You can bend wire with many different types of pliers. Needle nose pliers or linesman pliers are commonly used to bend wire. Recall, needle nose pliers have a long and thin jaw.


To bend a wire, hold the sheathed part of the wire with your non-dominant hand. Place the exposed wire into the tip of the plier jaws.


Close the handles to tightly grip the exposed wire. Rotate the plier handles. This should bend the wire into the correct shape.


Connectors


Sometimes we need to connect two wires together. For example, you may need to connect a wire from one component to a wire from another component. To connect these wires, we use a connector.

There are a few types of connectors which include:

  • Wire nuts,

  • Crimp-ons, and

  • A butt splice

All of these connectors allow us to combine wires.


Wire nuts are one of the most common ways to connect two wires. You can see a wire nut in the image to the right. Wire nuts are used to connect higher voltage wires, for example, 120V wires.


Wire nuts are rotated onto the ends of multiple exposed wires. As the wire nut is rotated on, it locks the exposed wires in place.


To use a wire nut, we need to make sure the wires have been stripped. We should strip about an inch of insulation from the end of each wire.


Next, we need to hold the exposed end of both wires next to each other. Using pliers, we can twist the exposed end of the wires together.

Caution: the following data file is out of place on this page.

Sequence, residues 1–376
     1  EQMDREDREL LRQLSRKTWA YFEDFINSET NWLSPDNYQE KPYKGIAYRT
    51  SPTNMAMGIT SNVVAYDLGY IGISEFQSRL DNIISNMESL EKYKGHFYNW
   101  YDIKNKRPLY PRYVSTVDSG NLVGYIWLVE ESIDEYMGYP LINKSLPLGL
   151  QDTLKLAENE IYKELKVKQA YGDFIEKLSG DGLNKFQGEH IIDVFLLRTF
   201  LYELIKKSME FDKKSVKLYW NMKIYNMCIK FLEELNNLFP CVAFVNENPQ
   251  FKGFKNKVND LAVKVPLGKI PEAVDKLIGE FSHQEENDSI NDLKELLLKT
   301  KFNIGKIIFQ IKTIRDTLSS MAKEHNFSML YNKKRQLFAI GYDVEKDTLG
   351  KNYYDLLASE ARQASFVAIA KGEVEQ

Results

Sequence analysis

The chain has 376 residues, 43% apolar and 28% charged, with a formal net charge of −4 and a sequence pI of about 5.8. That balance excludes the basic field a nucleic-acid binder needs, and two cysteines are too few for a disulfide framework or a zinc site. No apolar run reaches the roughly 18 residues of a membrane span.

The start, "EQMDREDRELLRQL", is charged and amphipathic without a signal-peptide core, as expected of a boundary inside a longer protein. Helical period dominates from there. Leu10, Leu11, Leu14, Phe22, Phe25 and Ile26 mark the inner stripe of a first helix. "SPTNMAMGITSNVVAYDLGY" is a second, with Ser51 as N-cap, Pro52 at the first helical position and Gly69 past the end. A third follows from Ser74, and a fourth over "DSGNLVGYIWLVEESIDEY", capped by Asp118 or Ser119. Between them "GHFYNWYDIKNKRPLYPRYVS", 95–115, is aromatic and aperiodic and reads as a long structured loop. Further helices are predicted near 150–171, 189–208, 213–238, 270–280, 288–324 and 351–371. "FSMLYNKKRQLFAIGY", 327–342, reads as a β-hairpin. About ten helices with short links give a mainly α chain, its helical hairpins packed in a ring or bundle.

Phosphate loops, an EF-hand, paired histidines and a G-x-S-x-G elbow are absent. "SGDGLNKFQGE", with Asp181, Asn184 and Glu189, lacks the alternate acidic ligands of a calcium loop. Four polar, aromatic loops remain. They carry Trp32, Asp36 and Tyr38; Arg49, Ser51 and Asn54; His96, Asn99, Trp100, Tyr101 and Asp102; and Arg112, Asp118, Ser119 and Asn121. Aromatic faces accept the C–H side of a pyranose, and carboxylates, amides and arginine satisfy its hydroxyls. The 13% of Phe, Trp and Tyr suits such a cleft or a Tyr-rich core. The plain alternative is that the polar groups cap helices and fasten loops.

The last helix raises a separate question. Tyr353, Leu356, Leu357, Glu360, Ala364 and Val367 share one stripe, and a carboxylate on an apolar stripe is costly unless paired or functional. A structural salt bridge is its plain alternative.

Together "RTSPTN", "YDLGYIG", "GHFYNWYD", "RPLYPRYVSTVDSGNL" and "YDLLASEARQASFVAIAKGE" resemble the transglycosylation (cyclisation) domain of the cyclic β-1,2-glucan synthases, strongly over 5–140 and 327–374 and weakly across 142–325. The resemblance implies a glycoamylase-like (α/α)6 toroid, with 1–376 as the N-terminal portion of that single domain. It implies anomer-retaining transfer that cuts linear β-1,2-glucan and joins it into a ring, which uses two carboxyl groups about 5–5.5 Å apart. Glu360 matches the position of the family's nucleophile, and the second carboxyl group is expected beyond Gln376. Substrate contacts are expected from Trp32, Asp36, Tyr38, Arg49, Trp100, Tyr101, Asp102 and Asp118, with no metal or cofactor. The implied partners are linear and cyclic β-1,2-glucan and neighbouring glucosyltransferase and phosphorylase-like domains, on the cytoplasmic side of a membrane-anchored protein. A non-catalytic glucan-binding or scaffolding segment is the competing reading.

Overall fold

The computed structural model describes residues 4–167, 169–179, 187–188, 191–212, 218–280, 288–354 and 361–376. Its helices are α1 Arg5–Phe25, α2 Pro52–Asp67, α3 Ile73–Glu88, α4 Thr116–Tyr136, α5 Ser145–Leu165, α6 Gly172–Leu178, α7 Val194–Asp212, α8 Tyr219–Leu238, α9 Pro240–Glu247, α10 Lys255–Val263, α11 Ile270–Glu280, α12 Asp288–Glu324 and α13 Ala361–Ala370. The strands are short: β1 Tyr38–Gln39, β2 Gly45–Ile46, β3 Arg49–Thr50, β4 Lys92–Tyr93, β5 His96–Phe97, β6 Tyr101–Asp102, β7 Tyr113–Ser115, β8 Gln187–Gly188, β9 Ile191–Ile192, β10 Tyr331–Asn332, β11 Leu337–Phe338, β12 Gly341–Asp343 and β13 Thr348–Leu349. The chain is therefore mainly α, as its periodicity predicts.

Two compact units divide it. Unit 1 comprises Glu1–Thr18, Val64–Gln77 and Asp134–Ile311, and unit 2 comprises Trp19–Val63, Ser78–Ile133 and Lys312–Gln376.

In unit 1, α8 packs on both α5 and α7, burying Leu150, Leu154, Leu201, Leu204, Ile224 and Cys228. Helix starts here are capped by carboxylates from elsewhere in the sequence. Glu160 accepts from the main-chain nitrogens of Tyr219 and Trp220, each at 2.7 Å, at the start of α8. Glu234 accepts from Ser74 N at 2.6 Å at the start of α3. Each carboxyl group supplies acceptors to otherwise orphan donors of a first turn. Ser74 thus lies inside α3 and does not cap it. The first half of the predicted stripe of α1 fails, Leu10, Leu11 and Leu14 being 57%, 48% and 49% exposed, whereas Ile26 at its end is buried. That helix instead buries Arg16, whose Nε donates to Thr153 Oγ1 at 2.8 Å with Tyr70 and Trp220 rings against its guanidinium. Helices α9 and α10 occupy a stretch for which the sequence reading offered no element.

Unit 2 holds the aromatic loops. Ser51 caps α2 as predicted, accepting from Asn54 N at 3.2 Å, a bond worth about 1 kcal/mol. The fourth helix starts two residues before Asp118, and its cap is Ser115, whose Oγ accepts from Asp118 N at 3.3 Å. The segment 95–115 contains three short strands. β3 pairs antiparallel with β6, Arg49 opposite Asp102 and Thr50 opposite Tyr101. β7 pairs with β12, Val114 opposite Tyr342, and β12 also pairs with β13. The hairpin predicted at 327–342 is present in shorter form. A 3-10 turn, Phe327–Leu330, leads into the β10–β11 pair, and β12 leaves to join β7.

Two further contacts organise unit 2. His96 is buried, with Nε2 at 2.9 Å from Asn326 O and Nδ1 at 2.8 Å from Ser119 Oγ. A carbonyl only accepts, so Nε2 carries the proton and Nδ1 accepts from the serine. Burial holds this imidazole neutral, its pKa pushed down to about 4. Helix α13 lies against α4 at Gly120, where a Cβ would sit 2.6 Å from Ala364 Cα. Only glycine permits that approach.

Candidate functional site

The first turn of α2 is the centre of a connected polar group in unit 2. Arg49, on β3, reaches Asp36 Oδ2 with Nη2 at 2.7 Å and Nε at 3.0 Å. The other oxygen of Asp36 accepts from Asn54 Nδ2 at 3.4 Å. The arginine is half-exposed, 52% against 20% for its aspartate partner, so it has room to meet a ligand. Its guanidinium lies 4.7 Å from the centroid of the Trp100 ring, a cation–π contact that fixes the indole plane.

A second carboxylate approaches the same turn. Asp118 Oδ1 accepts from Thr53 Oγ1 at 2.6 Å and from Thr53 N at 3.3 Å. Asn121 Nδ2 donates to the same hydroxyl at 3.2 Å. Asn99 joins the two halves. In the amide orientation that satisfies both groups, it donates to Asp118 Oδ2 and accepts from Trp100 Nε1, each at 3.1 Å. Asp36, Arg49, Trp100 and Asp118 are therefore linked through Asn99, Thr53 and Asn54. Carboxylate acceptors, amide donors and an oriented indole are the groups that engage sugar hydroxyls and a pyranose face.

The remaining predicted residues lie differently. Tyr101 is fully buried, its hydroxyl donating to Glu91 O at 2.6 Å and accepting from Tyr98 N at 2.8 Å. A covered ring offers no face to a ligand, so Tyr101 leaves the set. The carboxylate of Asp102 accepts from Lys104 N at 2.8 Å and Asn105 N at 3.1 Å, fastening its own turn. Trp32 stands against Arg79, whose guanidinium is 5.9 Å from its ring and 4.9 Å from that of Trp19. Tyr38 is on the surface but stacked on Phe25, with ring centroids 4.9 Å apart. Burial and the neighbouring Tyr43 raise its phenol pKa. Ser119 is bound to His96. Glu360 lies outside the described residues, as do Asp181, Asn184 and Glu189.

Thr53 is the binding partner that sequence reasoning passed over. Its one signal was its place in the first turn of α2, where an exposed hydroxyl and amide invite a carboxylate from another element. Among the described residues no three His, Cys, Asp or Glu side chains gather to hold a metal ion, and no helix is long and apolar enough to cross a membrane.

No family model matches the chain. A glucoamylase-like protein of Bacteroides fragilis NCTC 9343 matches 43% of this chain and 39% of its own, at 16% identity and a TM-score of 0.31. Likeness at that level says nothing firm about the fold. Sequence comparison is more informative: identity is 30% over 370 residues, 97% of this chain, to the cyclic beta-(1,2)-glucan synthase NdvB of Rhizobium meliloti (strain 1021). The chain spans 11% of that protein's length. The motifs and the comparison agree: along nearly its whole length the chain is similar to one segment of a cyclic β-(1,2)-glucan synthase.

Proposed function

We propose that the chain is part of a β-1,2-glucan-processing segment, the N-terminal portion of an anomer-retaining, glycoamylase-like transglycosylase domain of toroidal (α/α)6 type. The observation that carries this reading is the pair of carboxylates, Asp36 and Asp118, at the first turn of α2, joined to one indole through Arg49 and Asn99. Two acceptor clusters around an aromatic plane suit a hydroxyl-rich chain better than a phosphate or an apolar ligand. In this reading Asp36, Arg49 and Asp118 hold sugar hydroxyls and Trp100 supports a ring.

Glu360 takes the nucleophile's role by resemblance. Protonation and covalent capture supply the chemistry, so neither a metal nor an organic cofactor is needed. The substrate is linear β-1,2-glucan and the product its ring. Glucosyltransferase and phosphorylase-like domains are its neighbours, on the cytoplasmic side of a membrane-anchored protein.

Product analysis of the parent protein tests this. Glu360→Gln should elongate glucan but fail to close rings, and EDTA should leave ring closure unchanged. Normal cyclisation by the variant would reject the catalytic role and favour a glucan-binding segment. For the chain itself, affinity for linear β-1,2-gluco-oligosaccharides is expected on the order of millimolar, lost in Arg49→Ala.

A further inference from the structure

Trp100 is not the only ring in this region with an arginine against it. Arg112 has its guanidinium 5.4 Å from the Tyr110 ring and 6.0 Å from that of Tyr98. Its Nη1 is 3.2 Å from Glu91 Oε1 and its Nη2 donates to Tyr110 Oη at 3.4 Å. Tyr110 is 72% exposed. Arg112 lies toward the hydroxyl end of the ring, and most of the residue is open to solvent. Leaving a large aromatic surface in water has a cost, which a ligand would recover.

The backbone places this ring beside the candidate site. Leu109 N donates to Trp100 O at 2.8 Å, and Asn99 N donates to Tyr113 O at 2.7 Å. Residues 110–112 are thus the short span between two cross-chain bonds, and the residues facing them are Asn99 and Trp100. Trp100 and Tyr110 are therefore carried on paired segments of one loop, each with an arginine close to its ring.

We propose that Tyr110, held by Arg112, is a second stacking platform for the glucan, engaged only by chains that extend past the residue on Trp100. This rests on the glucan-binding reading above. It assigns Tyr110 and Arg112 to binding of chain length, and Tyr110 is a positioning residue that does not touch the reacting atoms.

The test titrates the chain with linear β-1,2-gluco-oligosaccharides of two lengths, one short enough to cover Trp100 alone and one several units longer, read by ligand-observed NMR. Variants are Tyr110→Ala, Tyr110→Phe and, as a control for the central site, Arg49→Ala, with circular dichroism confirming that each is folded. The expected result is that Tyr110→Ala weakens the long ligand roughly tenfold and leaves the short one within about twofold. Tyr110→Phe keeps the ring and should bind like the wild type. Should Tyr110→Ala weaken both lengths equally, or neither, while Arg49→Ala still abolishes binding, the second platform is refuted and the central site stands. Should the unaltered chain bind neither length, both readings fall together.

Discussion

Insert the twisted wire into the wire nut. Twist the wire nut until it is securely on the wire. These two wires are now connected.


Crimp-on’s are another type of common connector. Crimp-on terminals are also called sta-kons. Crimp-on terminals can connect one or multiple wires together.


Crimp-on terminals can produce reliable and long lasting joints. Crimp-on terminals can also be used to terminate a wire.


Terminating a wire means to connect a wire to a device. For example, you may terminate a wire by connecting it to a relay. The image shows crimp-on’s that have been terminated into a contactor.


To use a crimp-on, we need to select the correct type. Crimp-on connectors come with several different head types. Each head is used to connect to a different component terminal.


Next, you need to strip the end of the wires. Once the wires are stripped, you can insert them into the crimp-on.